Her research analyzes sea-water in an effort to “barcode the sea.”
Dr. Holly Bik obtained her Ph.D. in the United Kingdom, working at the Natural History Museum, London in conjunction with the National Oceanography Center, Southampton. She subsequently completed postdoctoral appointments at the University of New Hampshire and University of California, Davis, before accepting a position as a Birmingham Fellow in the group at the University of Birmingham, UK. Her research uses DNA sequencing and computational biology tools to explore the biodiversity of microbial species in diverse habitats, with an emphasis on marine and deep-sea ecosystems. She also contributes to Deep Sea News, a marine biology blog.
Holly Bik – The Diversity of Microbial Life
For anyone who’s watched the new “Cosmos” series with Neil De Grasse Tyson, you may have heard of the Tardigrade: it’s a microscopic animal that resembles a lumbering bear. Tardigrades are so tough that they can survive radiation in space as well as years of dehydration.
There are thousands of animal groups that exist practically everywhere, invisible to the naked eye. Diverse communities are always under your feet, burrowed in beach sand and nestled amongst the soil of a verdant lawn. These tiny species belong to an array of underappreciated Phyla: Gastrotrichs, Priapulids, Kinorhynchs, Platyhelminthes, and nematode worms.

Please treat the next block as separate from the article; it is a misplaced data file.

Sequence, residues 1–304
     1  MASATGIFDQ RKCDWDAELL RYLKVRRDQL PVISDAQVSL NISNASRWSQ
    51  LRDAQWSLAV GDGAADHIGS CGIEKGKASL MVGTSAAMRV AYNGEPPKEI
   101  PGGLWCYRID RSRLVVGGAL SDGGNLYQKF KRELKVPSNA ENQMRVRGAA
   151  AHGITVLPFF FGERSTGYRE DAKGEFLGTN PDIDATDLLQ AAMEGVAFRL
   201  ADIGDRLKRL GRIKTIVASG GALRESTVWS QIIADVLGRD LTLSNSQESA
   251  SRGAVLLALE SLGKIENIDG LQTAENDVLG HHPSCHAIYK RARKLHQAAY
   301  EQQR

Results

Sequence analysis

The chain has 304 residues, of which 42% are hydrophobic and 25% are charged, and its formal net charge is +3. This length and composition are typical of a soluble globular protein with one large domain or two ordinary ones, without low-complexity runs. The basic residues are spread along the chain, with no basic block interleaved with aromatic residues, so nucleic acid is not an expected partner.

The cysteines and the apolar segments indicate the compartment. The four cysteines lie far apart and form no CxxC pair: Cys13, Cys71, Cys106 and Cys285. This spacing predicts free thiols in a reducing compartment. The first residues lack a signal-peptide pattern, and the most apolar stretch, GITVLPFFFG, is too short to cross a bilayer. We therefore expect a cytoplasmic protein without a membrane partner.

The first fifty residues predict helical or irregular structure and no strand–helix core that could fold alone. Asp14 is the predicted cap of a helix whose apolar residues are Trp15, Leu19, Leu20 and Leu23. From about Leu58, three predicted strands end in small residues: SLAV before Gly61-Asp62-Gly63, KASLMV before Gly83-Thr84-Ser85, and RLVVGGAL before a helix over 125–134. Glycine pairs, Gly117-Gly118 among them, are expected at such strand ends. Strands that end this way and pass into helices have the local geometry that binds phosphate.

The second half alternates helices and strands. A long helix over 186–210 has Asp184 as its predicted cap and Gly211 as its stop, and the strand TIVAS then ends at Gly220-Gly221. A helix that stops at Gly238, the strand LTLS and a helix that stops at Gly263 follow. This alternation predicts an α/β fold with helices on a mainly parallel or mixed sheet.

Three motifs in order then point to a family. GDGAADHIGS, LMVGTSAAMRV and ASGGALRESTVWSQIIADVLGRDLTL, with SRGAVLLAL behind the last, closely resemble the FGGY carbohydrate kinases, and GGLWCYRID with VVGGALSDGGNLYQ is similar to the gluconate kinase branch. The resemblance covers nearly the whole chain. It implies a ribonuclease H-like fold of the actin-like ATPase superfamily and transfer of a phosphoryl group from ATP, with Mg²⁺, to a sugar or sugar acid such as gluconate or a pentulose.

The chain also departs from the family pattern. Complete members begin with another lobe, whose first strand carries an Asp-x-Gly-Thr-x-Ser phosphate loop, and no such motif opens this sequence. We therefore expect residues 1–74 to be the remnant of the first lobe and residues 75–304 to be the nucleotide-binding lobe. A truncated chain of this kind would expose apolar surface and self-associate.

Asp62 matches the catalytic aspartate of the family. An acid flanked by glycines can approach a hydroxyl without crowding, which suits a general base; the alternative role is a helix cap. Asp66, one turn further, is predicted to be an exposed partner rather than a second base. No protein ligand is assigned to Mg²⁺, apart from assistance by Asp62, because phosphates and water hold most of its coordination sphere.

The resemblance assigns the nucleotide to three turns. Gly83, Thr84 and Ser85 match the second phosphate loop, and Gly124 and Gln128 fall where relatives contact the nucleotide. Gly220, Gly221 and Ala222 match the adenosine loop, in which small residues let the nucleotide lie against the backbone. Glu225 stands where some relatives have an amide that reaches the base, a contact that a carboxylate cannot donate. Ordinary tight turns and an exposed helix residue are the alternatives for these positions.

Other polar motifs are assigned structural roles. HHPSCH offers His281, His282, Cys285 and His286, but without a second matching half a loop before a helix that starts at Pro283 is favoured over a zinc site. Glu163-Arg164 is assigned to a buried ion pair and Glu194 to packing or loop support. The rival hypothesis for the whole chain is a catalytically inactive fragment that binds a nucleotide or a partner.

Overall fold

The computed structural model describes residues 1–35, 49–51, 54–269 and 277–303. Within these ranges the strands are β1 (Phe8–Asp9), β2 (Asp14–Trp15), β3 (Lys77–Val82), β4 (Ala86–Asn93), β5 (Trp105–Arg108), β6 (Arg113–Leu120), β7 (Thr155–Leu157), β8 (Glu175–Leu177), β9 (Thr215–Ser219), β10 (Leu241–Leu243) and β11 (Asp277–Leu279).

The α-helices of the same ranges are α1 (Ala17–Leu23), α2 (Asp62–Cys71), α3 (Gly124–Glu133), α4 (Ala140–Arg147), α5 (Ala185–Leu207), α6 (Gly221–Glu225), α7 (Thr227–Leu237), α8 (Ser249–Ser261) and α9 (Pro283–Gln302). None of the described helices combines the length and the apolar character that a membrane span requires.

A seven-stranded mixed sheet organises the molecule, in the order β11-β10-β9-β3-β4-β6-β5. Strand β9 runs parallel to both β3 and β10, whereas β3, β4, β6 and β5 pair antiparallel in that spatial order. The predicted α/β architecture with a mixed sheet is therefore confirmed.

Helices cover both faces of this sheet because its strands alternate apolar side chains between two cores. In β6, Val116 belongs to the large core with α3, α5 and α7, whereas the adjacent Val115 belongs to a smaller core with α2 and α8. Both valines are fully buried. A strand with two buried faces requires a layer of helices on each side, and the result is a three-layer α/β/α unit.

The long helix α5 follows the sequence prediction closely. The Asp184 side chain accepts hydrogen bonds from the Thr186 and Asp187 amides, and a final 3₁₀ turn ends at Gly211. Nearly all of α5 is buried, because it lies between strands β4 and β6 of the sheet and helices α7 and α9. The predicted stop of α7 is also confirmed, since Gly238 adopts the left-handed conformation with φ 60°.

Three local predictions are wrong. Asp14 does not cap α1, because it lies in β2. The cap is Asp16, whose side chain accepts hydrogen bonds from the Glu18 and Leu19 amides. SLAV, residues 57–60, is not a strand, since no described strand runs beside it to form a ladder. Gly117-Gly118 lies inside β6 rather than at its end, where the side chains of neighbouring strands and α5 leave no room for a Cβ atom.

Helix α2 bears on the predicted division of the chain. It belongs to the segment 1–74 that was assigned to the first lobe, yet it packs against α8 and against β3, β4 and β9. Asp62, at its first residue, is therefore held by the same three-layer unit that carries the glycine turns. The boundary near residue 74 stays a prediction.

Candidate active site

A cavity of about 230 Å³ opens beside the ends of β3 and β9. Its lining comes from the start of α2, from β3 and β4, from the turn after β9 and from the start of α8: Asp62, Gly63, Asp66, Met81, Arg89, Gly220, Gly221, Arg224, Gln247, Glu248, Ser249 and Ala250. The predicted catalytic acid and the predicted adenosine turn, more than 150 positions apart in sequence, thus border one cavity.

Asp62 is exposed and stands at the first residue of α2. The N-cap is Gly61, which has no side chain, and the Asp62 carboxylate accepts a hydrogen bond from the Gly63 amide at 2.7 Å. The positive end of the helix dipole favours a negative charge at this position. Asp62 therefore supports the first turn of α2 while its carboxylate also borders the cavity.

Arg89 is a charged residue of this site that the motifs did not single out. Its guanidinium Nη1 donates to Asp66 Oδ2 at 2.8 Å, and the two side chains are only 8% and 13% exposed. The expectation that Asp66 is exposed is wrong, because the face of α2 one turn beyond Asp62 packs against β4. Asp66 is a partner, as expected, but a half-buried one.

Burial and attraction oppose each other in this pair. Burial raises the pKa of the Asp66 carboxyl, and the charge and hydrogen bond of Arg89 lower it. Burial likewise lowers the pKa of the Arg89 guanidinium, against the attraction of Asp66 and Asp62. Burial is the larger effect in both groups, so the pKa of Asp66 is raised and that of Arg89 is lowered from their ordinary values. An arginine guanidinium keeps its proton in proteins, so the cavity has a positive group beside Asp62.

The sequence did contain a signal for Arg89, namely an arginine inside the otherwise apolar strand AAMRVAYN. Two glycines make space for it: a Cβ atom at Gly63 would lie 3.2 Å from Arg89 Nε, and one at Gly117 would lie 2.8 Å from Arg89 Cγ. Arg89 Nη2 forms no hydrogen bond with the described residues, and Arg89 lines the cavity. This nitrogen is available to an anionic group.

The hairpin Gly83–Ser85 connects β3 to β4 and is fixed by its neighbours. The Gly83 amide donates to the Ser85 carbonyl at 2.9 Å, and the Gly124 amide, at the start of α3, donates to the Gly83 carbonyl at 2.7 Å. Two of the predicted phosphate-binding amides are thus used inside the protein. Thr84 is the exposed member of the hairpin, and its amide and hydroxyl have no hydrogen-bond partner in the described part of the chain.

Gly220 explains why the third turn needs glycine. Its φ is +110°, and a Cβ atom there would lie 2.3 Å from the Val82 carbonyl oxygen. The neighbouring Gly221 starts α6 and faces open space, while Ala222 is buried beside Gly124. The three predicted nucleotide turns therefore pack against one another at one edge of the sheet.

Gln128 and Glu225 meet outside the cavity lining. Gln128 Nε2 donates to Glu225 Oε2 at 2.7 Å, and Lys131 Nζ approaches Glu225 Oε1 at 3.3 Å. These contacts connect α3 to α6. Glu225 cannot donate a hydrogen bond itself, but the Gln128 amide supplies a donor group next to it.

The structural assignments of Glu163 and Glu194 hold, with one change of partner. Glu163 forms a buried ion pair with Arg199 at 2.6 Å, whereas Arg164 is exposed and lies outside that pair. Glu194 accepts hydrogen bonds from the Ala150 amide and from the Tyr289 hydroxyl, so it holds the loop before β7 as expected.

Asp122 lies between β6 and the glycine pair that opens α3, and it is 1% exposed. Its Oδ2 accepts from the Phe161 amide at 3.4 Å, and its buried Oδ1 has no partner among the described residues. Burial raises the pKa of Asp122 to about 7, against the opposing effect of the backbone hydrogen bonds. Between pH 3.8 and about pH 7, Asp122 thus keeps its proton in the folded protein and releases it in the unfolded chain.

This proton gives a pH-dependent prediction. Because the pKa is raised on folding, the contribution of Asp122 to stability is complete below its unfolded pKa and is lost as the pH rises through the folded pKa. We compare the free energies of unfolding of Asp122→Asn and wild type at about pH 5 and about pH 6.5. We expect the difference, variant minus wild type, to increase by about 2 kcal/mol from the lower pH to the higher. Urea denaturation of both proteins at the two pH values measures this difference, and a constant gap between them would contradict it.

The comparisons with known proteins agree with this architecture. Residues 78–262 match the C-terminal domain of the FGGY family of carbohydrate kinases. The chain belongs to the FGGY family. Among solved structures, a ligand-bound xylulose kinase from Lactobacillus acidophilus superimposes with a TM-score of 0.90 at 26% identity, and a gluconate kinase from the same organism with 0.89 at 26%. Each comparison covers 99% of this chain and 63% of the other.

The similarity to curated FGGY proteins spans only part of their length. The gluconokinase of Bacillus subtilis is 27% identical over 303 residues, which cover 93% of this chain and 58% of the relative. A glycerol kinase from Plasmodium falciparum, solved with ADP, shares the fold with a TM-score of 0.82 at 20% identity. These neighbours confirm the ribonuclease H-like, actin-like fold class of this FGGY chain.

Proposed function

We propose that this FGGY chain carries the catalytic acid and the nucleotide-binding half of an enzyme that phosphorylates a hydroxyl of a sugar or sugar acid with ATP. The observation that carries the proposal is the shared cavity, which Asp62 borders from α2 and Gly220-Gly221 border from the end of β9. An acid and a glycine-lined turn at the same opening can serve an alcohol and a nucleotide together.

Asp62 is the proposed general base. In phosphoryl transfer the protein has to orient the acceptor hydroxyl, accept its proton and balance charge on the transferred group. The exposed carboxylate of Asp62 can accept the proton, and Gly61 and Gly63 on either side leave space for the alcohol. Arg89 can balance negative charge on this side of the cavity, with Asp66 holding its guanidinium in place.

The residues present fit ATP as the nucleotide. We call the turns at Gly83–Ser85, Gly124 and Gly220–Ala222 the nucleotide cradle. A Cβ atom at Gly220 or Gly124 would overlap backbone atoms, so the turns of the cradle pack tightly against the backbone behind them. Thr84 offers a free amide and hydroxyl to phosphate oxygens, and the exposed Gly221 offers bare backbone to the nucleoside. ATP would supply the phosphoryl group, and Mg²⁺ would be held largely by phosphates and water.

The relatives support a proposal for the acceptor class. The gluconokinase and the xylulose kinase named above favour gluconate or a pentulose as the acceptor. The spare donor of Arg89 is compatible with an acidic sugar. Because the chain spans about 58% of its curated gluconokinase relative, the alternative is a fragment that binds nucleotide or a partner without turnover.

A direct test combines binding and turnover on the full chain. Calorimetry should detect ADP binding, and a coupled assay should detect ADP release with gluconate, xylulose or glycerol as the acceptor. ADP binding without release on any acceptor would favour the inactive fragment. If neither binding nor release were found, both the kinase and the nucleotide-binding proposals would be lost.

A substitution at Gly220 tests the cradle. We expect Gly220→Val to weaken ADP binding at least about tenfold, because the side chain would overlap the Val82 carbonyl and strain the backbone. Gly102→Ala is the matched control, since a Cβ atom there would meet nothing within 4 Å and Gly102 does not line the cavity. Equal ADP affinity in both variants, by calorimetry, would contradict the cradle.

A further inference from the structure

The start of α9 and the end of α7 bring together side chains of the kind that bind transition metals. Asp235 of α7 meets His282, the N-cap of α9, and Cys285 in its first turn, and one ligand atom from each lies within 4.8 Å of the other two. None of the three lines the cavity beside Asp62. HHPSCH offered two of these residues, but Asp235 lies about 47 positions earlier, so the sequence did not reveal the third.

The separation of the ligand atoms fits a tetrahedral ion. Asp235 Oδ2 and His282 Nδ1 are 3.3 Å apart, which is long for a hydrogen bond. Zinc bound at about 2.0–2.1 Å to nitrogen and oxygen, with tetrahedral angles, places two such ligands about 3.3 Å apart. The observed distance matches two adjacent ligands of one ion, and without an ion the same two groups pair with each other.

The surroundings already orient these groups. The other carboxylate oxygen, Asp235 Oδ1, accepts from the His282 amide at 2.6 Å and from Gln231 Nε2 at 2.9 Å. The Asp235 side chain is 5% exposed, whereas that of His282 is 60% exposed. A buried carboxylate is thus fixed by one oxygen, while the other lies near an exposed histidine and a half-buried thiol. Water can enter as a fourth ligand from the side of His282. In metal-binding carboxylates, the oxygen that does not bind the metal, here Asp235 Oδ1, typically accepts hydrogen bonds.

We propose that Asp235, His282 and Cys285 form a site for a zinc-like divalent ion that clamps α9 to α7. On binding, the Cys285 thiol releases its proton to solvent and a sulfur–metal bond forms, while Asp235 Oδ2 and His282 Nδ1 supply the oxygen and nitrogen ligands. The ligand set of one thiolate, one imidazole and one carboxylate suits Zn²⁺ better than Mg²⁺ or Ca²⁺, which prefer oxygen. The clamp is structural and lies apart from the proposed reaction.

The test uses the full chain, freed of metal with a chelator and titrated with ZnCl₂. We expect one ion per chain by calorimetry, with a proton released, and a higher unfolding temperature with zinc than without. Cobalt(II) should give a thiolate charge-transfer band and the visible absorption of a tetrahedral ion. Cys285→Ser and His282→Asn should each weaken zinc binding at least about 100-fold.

Humans have been exploring the hidden animal world for hundreds of years, using microscopes to create taxonomic keys and illustrated natural history guides. This work is laborious and time consuming, and centuries later, we still haven’t made much progress. Global biodiversity is immense.
Recently, scientists have begun using environmental DNA sequencing to increase the speed at which we can characterize the diversity and geographic distributions of microbial communities.
My work focuses on marine sediments: we put mud into a blender, to liquefy cells and extract DNA, and then sequence a so-called “barcoding” gene to fingerprint the species that are present. One recent project used these techniques to study the impacts of the Deepwater Horizon oil spill in the Gulf of Mexico.
Another focus of my work has been the development of data visualization tools. Environmental sequencing projects routinely grapple with hundreds of millions of DNA sequences, and analyzing data at this scale represents a significant research challenge.
It’s an exciting time in biology – we’ve truly entered the era of “big data”, and new DNA sequencing technologies are giving us an unprecedented view of microscopic communities.